One of the advantages to living in an active adult community is that it allows those who are 55 and better to be exactly that: active. And for those who love to swim, the pools in these communities are often unparalleled. Many have both indoor and outdoor varieties in lush resort-style settings and spa-like atmospheres.
But beyond the crystal-clear water, aquatic activities provide not only a great outlet for socialization, but also a bona fide method of exercising that’s easy on the heart and joints, which makes it extremely beneficial for Baby Boomers. It goes without saying that swimming alone is one of the best water exercises. The Arthritis Foundation, which has hosted aquatics classes for more than two decades at gyms and hospitals throughout the country, says that swimming is one of its most popular programs. Because there is no impact with the ground, it’s less stressful on the joints, but at the same time, swimming builds endurance and burns muscle mass. And, it can burn 500 to 650 calories an hour. Swimming, however, is just one of many water-based activities that active adults can enjoy. Here are nine other ways to stay healthy and fit using the water.
Love walking but find it too hard on your knees and leg muscles? Try water walking instead. In waist-deep water, walk while swinging your arms, much like you’d do when walking outside. Avoid walking on tiptoes and leaning to the sides, and make sure to keep your back straight. To make it more difficult, wear hand webs so that there is more resistance with the water.
Once you’ve master water walking, take it up a notch with water aerobics. Much like regular aerobics offered at a fitness center, aquatic aerobics takes those same activities and brings them into chest-deep water. Some classes focus on a specific exercise, such as running, while others include various aerobic activities, complete with warm-up and cool-down periods.
To get your heart and breathing rates elevated and in turn improve your cardiovascular health, concentrate on doing one exercise at a brisk rate for 30 to 40 minutes in the shallow end of the pool. Some examples are jogging, kicking, marching, lifting knees and hopping. To do the exercises without making any contact with the pool floor, head to the deep end, straddle a pool noodle and try the same exercises.
American Family Physician states that 45 percent of women age 65 and older and 65 percent who are 75 and older can’t lift ten pounds. Only in the 55 age range? Strength training is still beneficial at any age. When practicing strength training in the water, resistance is naturally provided. But use the traditional out-of-water free weights and elastic resistance bands while in the water, and the benefits really start to add up.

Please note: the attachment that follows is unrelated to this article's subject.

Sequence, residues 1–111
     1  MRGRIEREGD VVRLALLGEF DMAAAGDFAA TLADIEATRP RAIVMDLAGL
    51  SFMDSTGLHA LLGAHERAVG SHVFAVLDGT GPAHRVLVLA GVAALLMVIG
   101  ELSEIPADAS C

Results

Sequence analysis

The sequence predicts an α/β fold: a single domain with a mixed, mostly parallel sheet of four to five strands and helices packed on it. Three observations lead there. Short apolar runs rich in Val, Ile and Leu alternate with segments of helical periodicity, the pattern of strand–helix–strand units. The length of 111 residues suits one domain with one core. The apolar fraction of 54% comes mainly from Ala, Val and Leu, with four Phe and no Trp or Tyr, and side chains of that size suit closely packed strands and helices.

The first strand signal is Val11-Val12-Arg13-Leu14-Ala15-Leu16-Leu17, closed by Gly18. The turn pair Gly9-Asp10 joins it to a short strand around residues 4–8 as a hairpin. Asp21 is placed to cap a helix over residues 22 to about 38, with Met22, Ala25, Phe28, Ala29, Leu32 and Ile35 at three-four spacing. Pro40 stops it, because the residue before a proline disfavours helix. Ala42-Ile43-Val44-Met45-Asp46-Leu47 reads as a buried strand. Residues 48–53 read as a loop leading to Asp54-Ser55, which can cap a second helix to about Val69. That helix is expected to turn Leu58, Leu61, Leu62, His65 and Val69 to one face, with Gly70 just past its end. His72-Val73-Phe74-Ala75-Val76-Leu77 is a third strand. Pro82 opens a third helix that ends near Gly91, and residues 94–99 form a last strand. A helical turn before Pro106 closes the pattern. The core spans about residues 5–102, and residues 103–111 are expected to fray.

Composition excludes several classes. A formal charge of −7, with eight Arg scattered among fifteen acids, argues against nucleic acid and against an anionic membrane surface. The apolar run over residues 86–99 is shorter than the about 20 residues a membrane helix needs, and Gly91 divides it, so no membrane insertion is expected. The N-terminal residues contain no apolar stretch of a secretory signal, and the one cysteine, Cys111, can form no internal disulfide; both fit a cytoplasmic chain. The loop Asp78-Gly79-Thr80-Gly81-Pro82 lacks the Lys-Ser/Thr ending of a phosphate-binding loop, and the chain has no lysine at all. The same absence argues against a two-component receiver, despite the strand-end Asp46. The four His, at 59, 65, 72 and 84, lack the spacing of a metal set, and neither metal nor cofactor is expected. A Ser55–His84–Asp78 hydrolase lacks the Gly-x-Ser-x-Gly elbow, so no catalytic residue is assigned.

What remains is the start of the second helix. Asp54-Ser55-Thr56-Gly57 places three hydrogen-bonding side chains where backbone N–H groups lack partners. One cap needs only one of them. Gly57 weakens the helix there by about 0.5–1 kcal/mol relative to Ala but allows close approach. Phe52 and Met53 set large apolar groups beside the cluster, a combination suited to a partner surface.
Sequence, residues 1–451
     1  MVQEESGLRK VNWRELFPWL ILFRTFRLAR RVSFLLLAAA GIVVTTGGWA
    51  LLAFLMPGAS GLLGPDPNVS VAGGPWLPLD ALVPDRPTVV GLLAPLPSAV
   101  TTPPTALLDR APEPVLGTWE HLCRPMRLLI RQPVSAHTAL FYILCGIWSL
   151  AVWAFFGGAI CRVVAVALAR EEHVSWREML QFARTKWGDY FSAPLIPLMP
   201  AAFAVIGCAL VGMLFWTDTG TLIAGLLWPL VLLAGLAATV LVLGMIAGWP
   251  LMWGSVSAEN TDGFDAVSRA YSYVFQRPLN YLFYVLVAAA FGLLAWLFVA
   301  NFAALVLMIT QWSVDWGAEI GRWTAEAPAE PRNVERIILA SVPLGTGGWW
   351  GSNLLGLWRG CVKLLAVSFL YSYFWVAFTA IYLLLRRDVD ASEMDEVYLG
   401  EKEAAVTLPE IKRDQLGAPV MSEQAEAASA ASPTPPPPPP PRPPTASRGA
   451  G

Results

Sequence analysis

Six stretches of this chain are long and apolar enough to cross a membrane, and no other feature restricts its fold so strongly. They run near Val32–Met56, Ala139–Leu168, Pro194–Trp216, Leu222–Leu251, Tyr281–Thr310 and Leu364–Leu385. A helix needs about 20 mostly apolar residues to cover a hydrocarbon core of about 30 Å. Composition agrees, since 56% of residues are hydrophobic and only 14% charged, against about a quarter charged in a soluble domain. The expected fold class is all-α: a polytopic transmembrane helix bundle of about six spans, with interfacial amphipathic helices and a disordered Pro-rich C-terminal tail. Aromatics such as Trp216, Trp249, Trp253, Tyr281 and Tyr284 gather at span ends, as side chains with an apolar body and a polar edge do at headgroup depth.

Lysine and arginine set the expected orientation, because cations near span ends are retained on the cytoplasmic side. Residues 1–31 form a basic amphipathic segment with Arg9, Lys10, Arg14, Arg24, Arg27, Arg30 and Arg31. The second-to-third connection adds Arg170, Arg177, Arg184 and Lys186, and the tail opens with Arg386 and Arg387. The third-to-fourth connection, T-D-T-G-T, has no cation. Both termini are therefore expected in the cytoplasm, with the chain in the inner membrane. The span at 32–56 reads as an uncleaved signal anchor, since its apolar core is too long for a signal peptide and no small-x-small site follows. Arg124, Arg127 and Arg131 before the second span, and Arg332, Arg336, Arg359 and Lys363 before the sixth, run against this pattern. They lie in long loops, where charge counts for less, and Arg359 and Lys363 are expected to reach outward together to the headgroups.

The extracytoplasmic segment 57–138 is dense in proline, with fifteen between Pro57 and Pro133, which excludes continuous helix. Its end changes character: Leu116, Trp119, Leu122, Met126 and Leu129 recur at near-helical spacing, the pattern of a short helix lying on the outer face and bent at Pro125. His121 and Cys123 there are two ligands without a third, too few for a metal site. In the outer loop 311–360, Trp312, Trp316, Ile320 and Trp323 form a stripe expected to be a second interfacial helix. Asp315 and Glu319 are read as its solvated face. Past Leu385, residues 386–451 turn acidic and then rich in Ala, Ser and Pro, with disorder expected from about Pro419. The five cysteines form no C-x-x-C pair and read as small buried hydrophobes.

According to the Centers for Disease Control and Prevention, 1 out of 3 adults over the age of 65 fall each year, and these falls are the leading cause of both fatal and nonfatal injuries. In fact, more than 95 percent of hip fractures are caused by falls, the CDC says. How to work on maintaining your balance? Try the water version of balance-boosting exercises such as tai chi or yoga.
Another water exercise that’s easier than doing an entire yoga routine is the one-legged balance. This one will strengthen leg and core muscles, and in a pool, there’s no risk of falling and hurting yourself. In waist-high water, lift your knee up and place your foot on a noodle so that its sides float up into a U-shape. With your hands by your sides, balance for one minute, then move your knee to the side and hold again. Switch legs. Once you master that, hold your arms above your head.
Want to build upper body strength? Planks are great for that, but if you cannot hold the position long enough, it won’t benefit your abdominal muscles. The water, however, makes it easier. Grab a noodle, push it straight down into the water and lean forward so your body is positioned in an even incline. Hold for one to two minutes.
The phrases “treading water” or “tread lightly” actually have an entirely different meaning in the water. Treading water (the act of maintaining the body upright and the head above water while pumping the legs) is a full-body exercise because you move every major muscle group. A 130-pound person treading water at a brisk rate for one hour will burn about 590 calories, or 236 calories at a slower rate.
Think just floating in a pool isn’t beneficial? Actually, it can help loosen tight muscles and lessen joint pain, while increasing your energy and boosting your immune system. It may also help reduce your blood pressure and heart rate, as well as reduce the amount of stress hormones your body makes. The best part about water exercises is that you can do them while in the pool with friends or grandkids, or aquatics are even fun if you’re by yourself!